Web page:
You can helpprevent the spread of a pneumococcal infection by taking some simple hygiene precautions.
Pneumococcal vaccinationis very effective at preventing pneumococcal infections.
There are two types of pneumococcal vaccination one for children, known as the pneumococcal conjugate vaccine (PCV), and one for adults, known as pneumococcal polysaccharide vaccine (PPV).
All children are offered pneumococcal vaccination as part of the NHS childhood immunisation schedule .
They have three injections, which are usually given at:
Thepneumococcal vaccination for childrenis entirely safe, although around one childin 10 will have some redness and swelling at the site of the injection, and symptoms of a mild fever. However, these side effects will pass quickly.
Speak to your GP or health visitor if you are not sure whether your child has received their pneumococcal vaccination.
Adults canhave the pneumococcal vaccine or "pneumo jab" on the NHSif theyare in ahigh-risk group for developing a pneumococcal infection.
Ifthey don't,contact your GP to arrange an appointment.
Healthy adults usually only need one dose of the pneumo jab. However, if you have aweakened immune system or spleen disorder, may need additional booster doses. Your GP can advise you about this.
After you've had thepneumo jab, you may experience some pain and inflammation at the site of the injection. This should last no longer than three days. Less commonly, some people report the symptoms of a mild fever. Again, this should pass quickly.
For men, the recommended daily amount of alcohol consumption is threetofour units. For women, it'stwo tothree units. A unit of alcohol is equal to about half a pint of normal-strength lager, a small glass of wine or a pub measure (25ml) of spirits.
Speak to your GP if you're finding it difficult to moderate your alcohol consumption. Counselling and medication are available for people with an alcohol misuse problem.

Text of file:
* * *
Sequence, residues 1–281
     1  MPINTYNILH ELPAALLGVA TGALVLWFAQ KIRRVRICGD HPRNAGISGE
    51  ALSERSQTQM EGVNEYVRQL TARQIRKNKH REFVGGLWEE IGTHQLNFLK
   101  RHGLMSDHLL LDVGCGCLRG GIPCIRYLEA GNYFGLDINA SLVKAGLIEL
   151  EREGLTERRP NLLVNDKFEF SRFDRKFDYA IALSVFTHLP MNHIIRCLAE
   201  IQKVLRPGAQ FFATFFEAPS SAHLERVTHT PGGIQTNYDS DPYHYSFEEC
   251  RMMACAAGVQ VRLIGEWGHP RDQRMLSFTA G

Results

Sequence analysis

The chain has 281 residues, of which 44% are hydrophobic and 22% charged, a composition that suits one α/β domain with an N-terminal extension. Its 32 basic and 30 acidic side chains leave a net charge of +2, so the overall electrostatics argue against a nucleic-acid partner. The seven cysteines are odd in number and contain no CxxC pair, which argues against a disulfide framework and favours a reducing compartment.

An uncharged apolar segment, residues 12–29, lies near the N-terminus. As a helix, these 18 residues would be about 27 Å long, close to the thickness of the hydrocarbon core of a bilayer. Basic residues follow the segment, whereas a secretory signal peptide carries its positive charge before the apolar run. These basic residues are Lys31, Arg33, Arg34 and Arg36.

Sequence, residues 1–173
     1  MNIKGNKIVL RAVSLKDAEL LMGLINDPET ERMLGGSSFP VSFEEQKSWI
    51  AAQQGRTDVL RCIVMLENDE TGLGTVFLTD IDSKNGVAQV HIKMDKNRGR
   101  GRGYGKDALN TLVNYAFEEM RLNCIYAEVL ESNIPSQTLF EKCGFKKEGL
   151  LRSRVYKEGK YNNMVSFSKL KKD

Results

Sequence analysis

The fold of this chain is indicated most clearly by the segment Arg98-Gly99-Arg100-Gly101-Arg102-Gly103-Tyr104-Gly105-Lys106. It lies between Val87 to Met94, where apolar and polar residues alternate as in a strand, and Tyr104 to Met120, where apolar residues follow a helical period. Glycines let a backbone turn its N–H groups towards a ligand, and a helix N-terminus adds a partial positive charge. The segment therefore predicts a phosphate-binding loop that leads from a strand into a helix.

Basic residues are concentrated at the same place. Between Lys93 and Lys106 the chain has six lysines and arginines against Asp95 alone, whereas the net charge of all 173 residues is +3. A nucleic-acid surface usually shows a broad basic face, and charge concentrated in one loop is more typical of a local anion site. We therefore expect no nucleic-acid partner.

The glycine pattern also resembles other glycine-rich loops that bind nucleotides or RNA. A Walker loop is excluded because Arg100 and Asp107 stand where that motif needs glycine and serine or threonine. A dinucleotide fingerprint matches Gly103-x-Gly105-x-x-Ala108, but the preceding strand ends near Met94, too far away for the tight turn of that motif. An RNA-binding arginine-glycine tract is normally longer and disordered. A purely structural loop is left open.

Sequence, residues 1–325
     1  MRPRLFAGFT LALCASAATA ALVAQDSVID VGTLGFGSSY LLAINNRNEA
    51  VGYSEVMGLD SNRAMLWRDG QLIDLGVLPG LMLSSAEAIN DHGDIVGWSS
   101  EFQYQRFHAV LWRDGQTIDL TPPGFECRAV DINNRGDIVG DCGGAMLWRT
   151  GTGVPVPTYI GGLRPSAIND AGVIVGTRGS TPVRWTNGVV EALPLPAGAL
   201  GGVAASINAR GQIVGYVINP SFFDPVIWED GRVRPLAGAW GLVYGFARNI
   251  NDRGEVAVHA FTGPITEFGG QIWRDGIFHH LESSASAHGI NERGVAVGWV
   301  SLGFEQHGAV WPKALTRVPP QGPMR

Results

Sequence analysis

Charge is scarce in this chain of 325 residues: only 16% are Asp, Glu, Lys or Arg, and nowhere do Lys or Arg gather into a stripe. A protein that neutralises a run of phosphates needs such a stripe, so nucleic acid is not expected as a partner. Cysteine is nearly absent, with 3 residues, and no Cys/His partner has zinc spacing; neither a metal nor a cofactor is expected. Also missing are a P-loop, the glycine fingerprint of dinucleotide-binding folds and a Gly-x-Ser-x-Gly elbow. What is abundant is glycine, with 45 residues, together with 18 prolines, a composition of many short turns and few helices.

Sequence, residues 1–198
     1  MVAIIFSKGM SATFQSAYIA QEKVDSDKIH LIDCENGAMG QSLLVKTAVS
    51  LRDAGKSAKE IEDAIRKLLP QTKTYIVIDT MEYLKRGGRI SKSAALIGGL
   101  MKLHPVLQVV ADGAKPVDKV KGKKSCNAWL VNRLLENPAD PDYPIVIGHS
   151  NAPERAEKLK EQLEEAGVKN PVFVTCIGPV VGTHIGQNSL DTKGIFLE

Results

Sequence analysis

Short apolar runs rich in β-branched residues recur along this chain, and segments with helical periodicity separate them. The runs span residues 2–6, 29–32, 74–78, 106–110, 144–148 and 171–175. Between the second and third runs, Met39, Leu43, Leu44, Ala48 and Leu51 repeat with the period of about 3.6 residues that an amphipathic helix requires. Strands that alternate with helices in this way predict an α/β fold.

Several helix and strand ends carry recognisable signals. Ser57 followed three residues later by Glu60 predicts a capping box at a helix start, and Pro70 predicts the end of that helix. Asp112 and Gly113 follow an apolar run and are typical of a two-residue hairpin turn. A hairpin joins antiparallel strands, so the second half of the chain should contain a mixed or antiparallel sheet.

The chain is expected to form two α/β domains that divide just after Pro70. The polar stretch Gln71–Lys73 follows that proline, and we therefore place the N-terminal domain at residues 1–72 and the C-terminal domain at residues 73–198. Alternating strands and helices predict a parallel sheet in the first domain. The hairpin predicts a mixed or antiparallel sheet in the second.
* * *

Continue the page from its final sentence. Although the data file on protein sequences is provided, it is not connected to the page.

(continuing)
Read about alcohol and Alcohol misuse for more information and advice.
Smoking is the single biggest risk factor for developing an invasive pneumococcal infection in otherwise healthy adults.
Research has found that almost 60% of previously healthy people who develop an invasive pneumococcal infection are smokers.
It's not known exactly why smoking makes a person more vulnerable to an invasive pneumococcal infection. One theory is that the chemicals contained in tobacco smoke disrupt the normal workings of the immune system and make it less efficient.
As well as reducing your risk of developing an invasive pneumococcal infection, giving up smoking will help reduce your risk of developing other serious health conditions, such as cancer, heart disease and stroke.
If you want to give up smoking, a good first step is to see your GP. They will be able to provide help and advice about quitting, and can also refer you to an NHS Stop Smoking support service.
These services offer the most effective support for people who want to give up smoking. Studies show you are four times more likely to successfully give up smoking if you do it with the help of the NHS.
For more information, call the NHS Stop Smoking helpline on0300 123 1044 (England only).
Pneumococcal infections are caused by the Streptococcus pneumoniae bacteria, and range from mild to severe.
Your symptoms will vary, depending on the type of pneumococcal infection you have. Symptoms include fever, chills and a headache.
There are more than 90 different strains of S. pneumoniae, and some are much more likely to cause serious infection (virulent) than others.
There are several ways to diagnose pneumococcal infections, and the tests you have will depend on your symptoms.
The treatment you receive depends on whether you have an invasive or non-invasive pneumococcal infection. Antibiotics may be used to treat a serious infection.
Children under two should receive the PCV as part of their childhood immunisation schedule. Simple hygiene precautions can also help to prevent infection.